Vishy Tirupattur: The Coming Challenges for Bank Credit
Against the backdrop of volatility in the banking sector, tightening in consumer and commercial credit may have far-reaching impacts for economic growth.
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Welcome to Thoughts on the Market. I'm Vishy Tirupattur, Chief Fixed Income Strategist here at Morgan Stanley. Along with my colleagues, bringing you a variety of perspectives, I'll be talking about the impact of the current volatility in the banking sector on credit. It's Tuesday, March 21st at 11 a.m. in New York.
On the back of the developments over the last two weeks, our banking analysts see a meaningful increase in funding costs ahead, which should lead to tighter lending standards, lower loan growth and wider loan spreads. Our economists were already expecting a meaningful slowdown in growth and job gains over the coming months, and the prospect of incremental tightening of credit conditions raises the risk that a soft landing turns into a harder one.
According to the U.S. Small Business Administration, small businesses are those that employ fewer than 500 workers, and between 1995 and 2021, they accounted for nearly 63% of the net new job creation. Today, nearly 47% of all private sector employees work at small businesses. In the banking sector, small banks account for 38% of total loans in the U.S. and 30% of commercial and industrial loans. Businesses rely on C&I loans for short term funding of activities such as hiring, paying workers, purchasing supplies, equipment and building inventories.
We now expect this C&I lending to slow down the most based on our prior experience. We also expect that lending to commercial real estate sector to decline given the stresses that are building over there. On the other hand, we are looking for lending to consumer to grow, but more slowly than what we thought before.
Beyond their normal lending activity, banks enable credit formation in the economy by being buyers of senior tranches of securitized credit, providing senior leverage to securitization vehicles, which is a major source of credit formation. Well, we don't exactly know how bank regulations will change in response to the developments of last two weeks, there is the potential for bank sponsorship of securitized credit to diminish and thus indirectly affect credit formation.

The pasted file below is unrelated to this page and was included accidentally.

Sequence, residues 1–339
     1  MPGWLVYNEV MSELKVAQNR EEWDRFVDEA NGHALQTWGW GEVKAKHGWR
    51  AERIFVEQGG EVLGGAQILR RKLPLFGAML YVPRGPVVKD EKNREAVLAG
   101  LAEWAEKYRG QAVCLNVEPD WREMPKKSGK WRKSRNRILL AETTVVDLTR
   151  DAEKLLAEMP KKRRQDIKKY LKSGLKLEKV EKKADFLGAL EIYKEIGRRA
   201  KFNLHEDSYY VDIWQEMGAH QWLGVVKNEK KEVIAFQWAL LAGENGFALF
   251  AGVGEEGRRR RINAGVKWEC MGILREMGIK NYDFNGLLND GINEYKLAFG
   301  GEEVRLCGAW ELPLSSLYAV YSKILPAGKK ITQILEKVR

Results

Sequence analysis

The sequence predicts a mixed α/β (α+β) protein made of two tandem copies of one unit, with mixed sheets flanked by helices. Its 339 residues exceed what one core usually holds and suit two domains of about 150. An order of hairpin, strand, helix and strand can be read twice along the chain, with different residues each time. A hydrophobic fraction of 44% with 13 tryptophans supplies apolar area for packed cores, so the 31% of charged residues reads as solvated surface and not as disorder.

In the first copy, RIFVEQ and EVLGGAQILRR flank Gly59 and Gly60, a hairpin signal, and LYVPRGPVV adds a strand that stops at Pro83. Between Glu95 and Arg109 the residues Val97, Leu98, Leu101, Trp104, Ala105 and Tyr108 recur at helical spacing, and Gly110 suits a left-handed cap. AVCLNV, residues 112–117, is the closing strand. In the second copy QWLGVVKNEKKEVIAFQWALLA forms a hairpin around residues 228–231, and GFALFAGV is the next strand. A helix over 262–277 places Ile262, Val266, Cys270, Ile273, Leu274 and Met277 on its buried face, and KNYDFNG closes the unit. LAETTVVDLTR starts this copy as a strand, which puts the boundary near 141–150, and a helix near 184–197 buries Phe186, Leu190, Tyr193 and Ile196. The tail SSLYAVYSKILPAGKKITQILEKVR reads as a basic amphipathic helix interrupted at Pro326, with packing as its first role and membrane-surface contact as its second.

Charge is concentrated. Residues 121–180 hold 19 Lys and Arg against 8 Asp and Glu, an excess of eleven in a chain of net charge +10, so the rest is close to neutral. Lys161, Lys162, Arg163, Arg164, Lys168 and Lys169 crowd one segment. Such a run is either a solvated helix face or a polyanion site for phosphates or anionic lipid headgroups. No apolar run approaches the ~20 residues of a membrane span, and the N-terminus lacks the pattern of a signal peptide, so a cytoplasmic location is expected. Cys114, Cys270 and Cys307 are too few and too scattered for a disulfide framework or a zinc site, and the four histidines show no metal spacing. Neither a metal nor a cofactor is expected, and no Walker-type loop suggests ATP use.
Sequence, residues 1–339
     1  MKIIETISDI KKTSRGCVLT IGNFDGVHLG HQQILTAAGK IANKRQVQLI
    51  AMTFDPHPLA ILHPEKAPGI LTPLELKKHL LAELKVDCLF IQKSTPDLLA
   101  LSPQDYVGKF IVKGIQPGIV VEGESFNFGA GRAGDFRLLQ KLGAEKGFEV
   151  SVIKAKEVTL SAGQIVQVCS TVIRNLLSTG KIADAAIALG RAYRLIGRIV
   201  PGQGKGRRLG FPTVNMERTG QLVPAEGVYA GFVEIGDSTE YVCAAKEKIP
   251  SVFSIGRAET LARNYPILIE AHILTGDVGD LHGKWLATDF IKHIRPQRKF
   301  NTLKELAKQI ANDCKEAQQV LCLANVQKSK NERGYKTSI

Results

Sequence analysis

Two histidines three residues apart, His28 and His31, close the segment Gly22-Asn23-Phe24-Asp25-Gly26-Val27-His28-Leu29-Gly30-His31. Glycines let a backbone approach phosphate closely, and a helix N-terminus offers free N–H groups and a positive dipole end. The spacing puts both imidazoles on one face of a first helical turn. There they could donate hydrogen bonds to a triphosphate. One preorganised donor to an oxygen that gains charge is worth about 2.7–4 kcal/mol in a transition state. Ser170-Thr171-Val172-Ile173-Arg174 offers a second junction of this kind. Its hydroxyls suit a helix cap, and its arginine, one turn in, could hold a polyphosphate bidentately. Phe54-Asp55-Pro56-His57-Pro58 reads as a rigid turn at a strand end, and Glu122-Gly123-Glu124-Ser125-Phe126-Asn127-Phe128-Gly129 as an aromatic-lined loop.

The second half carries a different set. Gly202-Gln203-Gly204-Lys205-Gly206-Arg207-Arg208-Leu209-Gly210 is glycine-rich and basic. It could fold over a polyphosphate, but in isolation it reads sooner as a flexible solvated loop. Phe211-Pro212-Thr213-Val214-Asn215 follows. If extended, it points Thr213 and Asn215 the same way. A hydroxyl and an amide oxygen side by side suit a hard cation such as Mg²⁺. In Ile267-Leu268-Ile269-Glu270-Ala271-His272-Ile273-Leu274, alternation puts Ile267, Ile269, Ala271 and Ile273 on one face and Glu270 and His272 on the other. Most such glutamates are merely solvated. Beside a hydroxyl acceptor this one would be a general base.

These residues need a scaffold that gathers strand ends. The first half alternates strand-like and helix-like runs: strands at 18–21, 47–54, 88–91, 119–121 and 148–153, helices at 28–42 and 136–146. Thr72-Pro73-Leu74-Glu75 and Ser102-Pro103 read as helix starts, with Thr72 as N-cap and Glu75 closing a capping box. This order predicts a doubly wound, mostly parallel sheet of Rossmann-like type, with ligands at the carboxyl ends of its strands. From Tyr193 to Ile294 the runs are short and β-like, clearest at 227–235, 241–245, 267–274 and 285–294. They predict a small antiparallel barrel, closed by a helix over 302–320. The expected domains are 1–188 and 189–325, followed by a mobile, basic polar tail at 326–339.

From a corporate bond investor perspective, the view has been that the banking sector fundamentals have been in a good place, and last year's underperformance versus non financials was largely a technical story. The developments of the last two weeks have undermined this thesis. Looking beyond the near-term uncertainty, we believe that the supply risks in bank credit are now skewed to the upside. The emphasis on funding diversity shifting away from deposits to wholesale funding is likely to keep regional bank issuance elevated for much longer. While the Bank Term Funding Program (BTFP) may alleviate the urgency to issue these bonds, it by no means provides a permanent solution. So looking beyond the near-term uncertainty, new assurance from banks, regional banks in particular, is likely to persist.
Given that the sector was a consensus overweight and is also likely to see more supply when markets normalize, we see continued volatility and increased tiering within bank credit.
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